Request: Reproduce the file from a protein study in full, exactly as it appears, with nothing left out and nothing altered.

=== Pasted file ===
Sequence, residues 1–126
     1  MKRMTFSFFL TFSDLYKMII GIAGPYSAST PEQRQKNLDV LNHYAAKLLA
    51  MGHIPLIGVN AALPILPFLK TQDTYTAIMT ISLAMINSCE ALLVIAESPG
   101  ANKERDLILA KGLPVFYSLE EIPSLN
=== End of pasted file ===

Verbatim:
Sequence, residues 1–126
     1  MKRMTFSFFL TFSDLYKMII GIAGPYSAST PEQRQKNLDV LNHYAAKLLA
    51  MGHIPLIGVN AALPILPFLK TQDTYTAIMT ISLAMINSCE ALLVIAESPG
   101  ANKERDLILA KGLPVFYSLE EIPSLN